Elizabeth May is leader of the Green Party of Canada.
Have you read The Adventures of Huckleberry Finn ?
Maybe three times.
Will you read it again?
I'll probably read it again - but I'm kind of busy right now!
Would you read the recent bowdlerized version?
I don't think so. If a racist has written a racist term and the book is itself - very hard to imagine - a worthy piece of literature, I wouldn't want anybody to read it. But when someone [writes]who strives for justice and a recognition of the universality of humanity, it's great literature. We all know that Sam Clemens was no racist. In that context, if I could avoid it, I wouldn't want to read anything that was changed since the day he wrote it.
Is it a masterpiece?
Is it still a masterpiece with 219 instances of the word "nigger" being replaced by "slave"?
It's not just "Nigger Jim," it's "Injun Joe." There is a societal context and the purpose for reading this literature. The message that slavery is wrong and that humanity shines through. There are some large ethical constructs that are worth talking about in grade school. It's worth teaching it well. I don't think that the changing of the book makes any sense, but I did hear some teachers saying, unless you are a really good teacher, you can have problems with a work like this.
What age is appropriate to read it and be taught it in context?
I have a lot of appreciation for the intelligence of children. You just don't talk down to kids. You obviously describe it using different language. … "It was a very large and wrong thing. When this book was written, can you imagine it, one human being was allowed to own another human being and there are places in this world where that is still going on?" You can talk to kids in ways that expose a historical reality, a moral issue, and it can be explained.
Has the publisher underestimated young people's ability to understand context, to "get it"?
Yes. There may be some highly charged racial settings where the word would have more power than it should. But if you listen to most cultural references, movies, hip-hop, rap, there are many, many worse words that kids are being exposed to without any kind of context that ennobles. Huck Finn is a story that ennobles.
What is your preferred term for "black" nowadays?
Well, of course, social mores change on this. When I was a little girl, the appropriate term was "coloured people." Then it changed. "Coloured people" was seen as derogatory. I say "black." To me, the cue is if a group that self-identifies and is fighting for its rights wants to change the language around how they are described, then I use the language they prefer.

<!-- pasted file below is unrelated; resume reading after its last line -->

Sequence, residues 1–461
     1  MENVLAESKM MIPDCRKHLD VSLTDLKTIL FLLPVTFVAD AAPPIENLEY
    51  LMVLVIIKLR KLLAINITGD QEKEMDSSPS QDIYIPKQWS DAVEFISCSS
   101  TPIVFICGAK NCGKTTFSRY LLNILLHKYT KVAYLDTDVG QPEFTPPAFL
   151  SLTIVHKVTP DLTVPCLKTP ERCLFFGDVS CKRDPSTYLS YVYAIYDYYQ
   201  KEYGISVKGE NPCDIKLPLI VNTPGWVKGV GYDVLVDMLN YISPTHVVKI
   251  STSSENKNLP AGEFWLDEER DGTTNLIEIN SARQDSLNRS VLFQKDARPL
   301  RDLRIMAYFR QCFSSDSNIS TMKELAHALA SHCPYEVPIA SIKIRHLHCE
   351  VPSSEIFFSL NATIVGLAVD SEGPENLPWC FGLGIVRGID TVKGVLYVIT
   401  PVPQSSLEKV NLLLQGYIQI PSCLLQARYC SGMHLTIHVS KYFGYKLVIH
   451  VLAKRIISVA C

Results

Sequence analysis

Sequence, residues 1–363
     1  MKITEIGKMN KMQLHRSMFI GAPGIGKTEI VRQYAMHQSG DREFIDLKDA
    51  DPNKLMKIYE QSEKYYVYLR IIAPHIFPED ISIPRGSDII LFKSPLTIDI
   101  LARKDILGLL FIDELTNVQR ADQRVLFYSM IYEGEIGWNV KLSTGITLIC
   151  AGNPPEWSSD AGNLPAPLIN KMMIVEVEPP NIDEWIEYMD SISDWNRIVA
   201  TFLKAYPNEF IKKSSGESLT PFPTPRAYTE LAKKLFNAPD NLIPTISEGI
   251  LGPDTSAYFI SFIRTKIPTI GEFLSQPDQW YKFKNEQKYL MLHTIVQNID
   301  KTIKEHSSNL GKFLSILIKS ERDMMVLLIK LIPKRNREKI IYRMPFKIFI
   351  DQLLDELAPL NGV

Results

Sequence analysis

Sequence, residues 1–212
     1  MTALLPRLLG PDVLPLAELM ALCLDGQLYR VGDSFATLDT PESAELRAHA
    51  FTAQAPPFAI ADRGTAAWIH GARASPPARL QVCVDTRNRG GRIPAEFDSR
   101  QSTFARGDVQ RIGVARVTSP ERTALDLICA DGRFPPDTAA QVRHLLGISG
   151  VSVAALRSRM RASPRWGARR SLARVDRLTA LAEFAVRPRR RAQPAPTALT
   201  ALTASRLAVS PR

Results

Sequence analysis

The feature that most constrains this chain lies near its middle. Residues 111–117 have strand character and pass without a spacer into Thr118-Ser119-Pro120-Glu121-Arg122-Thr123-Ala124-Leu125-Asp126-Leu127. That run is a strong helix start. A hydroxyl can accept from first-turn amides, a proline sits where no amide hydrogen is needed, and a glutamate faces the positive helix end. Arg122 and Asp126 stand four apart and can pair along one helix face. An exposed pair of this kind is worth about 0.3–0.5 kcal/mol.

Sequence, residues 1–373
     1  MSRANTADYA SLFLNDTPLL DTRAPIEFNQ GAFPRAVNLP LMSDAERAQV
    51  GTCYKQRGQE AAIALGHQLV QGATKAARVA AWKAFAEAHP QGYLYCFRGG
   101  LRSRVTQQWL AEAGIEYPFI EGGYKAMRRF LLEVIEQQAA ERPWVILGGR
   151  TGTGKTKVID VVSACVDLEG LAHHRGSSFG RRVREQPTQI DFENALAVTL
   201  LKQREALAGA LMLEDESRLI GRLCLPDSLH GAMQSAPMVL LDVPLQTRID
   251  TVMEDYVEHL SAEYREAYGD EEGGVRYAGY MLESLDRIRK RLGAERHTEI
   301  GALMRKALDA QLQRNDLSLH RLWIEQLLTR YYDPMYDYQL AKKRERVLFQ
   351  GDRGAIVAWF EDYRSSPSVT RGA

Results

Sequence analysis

Is substituting "slave" for "nigger" appropriate?
I don't think any substitution is appropriate. We're talking about how people talked in those days. You can practically feel the Mississippi River moving along, feel the cadence of the time. Part of what's wrong for me about "Slave Jim" is it breaks the cadence and the rhythm of the sentences. It's false and wrong.
Is it an avoidance of the issue, or are good-intentioned people trying to change the way people view the present by changing the way the past is presented?
I think people want to deny a lot about human nature by pretending things didn't happen that did happen. Literature is art. Art isn't art if you sanitize it for current mores; to have gone back to Renaissance art and insisted on putting plaster fig leaves over marble genitalia carved by Michelangelo. Art is the creation of the artist and should not be changed subsequently by people who think they are doing the public a favour.
Some would argue that inappropriate or hurtful words are bad in any circumstance, regardless of context or "art."
There are places in society where hurtful words appear in ways that are hurtful. I don't think Huck Finn is a place where words appear in a way that is hurtful if people are reading the whole story and getting the message. It is an ennobling message. And the use of the language in its original form is part of the message.